Reprinted from Caring for Children:
What Parents Should Know About Bullying, Part I
Bullying includes behaviors such as hitting, teasing, taunting, spreading rumors and gossip, stealing, and excluding someone from a group. Bullying actions are carried out on purpose with the intent to harm someone.
Bullying is usually a repeated activity. However, it may also occur as a one-time event. It always involves a power imbalance. The person bullying has more power due to factors such as age, size, strength, support of friends, and access to resources such as toys.
Children and adults sometimes find it difficult to recognize bullying. For example, a fight between friends or rough play between children with equal power are not bullying situations. They become bullying, however, when one person has more power and uses it to hurt, frighten, or exclude the other person
People sometimes assume that only boys bully, but that is not true. Girls also bully others. Boys tend to use methods such as hitting, fighting, and threatening. These face-to-face behaviors are easy to observe.
Girls do bully using physical and verbal attacks, but they often use behind-the-back methods that are harder to see. These more subtle behaviors include getting peers to exclude others and spreading rumors and gossip. It’s important to remember, though, that girls and boys use both face-to-face and behind-the-back methods.
What Are the Consequences of Bullying?
Bullying jeopardizes children’s safety and potentially creates both short- and long-term problems for all children involved.
Children who are bullied are more likely to develop future academic problems and psychological difficulties. Serious problems such as depression and low self-esteem can result, and they can continue into adulthood.
Children who bully and continue this behavior as adults have greater difficulty developing and maintaining positive relationships. Research shows that without effective intervention, children who regularly bully others may grow up to become perpetrators of domestic violence, child abuse, hate crimes, sexual abuse, and other illegal behaviors. In fact, children with bullying problems at age 8 are six times more likely to be convicted of a crime by age 24 than children who do not bully.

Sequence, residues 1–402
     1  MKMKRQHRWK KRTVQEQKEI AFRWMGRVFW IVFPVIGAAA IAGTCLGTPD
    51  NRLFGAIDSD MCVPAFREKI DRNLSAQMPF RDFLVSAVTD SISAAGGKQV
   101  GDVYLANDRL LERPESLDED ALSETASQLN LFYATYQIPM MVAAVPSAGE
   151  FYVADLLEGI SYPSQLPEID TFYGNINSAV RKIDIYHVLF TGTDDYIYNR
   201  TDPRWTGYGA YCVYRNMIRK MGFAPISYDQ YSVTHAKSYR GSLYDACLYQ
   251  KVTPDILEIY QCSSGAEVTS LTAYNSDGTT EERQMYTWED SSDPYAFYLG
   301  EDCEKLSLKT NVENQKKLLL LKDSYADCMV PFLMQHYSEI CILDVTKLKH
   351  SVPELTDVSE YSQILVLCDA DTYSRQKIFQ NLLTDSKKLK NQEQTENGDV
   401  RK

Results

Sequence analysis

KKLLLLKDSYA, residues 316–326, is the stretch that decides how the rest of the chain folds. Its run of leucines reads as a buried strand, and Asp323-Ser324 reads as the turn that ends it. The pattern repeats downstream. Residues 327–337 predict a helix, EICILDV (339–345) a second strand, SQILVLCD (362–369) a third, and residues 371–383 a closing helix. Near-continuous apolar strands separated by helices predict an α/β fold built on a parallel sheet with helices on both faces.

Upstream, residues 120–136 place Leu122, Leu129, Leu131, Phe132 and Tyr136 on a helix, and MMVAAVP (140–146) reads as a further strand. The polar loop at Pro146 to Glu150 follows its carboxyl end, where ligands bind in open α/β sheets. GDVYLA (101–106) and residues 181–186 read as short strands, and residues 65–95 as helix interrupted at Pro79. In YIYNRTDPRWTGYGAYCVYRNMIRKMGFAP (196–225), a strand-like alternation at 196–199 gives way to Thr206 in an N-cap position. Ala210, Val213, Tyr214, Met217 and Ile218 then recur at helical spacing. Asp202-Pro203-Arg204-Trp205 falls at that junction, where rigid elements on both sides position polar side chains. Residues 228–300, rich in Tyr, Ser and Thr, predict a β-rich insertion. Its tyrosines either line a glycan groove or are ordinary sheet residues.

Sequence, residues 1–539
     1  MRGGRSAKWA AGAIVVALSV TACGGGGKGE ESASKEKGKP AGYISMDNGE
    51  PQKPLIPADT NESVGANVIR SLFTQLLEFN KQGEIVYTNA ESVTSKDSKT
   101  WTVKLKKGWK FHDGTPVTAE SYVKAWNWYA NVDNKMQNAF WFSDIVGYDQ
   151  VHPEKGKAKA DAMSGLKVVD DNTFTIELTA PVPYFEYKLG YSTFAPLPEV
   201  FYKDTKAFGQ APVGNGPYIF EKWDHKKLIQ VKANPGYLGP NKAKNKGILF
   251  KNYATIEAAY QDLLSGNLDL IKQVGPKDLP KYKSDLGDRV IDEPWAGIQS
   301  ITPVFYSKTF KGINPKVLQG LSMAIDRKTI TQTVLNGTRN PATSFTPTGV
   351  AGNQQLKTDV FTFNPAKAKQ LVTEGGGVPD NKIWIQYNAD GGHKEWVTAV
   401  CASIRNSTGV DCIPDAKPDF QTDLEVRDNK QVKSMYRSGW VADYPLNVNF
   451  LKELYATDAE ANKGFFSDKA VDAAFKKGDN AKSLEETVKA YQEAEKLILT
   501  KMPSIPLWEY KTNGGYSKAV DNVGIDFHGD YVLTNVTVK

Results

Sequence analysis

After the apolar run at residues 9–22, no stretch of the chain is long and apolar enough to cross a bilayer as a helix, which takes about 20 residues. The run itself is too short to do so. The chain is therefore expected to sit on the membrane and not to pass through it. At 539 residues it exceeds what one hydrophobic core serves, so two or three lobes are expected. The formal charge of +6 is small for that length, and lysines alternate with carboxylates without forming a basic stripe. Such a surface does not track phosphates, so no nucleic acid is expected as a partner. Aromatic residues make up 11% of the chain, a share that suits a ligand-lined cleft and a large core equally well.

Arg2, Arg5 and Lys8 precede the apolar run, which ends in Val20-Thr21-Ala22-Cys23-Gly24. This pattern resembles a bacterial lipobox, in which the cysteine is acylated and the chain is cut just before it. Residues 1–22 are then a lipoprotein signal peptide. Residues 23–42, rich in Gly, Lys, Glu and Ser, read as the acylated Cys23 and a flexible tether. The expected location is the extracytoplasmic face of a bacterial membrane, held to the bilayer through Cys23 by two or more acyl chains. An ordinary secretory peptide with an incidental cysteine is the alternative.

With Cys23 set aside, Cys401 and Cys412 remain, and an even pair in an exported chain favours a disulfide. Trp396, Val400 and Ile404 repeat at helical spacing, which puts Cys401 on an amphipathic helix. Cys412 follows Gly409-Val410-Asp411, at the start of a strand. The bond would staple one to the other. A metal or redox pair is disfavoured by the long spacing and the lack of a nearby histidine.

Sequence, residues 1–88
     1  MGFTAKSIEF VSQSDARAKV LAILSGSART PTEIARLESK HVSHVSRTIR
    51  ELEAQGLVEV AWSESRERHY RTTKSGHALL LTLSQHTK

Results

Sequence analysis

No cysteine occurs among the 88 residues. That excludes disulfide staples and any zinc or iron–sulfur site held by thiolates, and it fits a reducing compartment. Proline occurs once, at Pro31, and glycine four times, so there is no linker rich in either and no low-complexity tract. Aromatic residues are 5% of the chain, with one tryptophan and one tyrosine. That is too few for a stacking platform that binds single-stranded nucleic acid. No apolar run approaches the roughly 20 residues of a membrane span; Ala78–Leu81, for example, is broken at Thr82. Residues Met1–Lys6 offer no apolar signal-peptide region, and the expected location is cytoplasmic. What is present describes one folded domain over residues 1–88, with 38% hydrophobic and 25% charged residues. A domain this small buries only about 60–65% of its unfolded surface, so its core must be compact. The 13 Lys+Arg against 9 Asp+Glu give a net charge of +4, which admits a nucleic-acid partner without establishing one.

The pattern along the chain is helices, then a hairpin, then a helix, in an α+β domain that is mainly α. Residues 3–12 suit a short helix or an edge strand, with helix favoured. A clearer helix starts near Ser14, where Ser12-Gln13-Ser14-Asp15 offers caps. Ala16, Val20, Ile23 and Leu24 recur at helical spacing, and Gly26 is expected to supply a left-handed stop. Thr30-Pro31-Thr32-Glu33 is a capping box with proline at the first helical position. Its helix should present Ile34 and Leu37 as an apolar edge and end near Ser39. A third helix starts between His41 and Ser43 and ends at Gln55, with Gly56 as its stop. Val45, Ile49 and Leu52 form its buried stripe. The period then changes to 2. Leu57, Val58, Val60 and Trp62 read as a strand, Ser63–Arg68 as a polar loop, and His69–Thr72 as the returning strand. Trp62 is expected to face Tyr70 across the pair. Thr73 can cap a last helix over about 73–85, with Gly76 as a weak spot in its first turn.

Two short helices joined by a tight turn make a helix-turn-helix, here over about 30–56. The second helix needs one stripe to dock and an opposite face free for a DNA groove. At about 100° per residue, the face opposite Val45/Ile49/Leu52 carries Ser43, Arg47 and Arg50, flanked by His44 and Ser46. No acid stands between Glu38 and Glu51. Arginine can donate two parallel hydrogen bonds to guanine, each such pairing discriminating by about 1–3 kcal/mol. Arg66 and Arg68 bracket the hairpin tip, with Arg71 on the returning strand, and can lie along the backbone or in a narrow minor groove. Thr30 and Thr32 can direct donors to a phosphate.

How Many Children Does Bullying Really Affect?
Bullying affects virtually all children. Although it is true that some children will never be bullied, research shows that children witness 85 percent of school bullying incidents. Child witnesses, or bystanders, may feel powerless to stop bullying. They may fear being bullied next. And they may feel sad or guilty about the abuse others experience. Additionally, bystanders may see those who bully succeed at getting what they want. This may tempt bystanders to take part themselves.
Isn’t Bullying Just a Normal Part of Growing Up?
The many myths about bullying include the notion that bullying is a harmless childhood activity and a normal part of growing up. Confusion about the difference between conflict and bullying can fuel this myth. Although occasional peer conflict is inevitable, bullying is not inevitable. In a conflict, both sides have equal power to resolve the problem. But bullying involves the intentional, one-sided use of power to control another. Its harmful consequences can affect people seriously for the rest of their lives.
What Can You Tell Me About Bullying Between Siblings?
Some degree of conflict among siblings is to be expected. In some situations, however, sibling rivalry can develop into bullying as children jockey for power. Given the normal amount of teasing and bickering in any family, it can be difficult for parents to know where to draw the line. Ideally, we want our children to learn to work out disagreements among themselves. But when is adult intervention necessary?
Here’s a good rule of thumb: Behavior that would be unacceptable between two unrelated children is unacceptable between two siblings. When one child intentionally and consistently hurts or frightens a smaller or less powerful sibling, that’s bullying—and it needs to stop. Like all forms of bullying, bullying among siblings can have long-term effects. It can damage self-esteem and set the pattern for abusive relationships in the future.
What Parents Should Know About Bullying, Part 2
Wouldn’t My Child Tell Me About Being Bullied?
Not necessarily. Children may not tell adults—even their parents—about being bullied at school. Studies show that children don’t tell because they believe adults won’t stop the bullying. Children may also think that they should be able to solve their own problems. Or they may not even recognize that they are being bullied. Other children are afraid. They think that telling an adult will result in worse treatment from the child bullying them.
Any of the following signs could indicate a child is being bullied: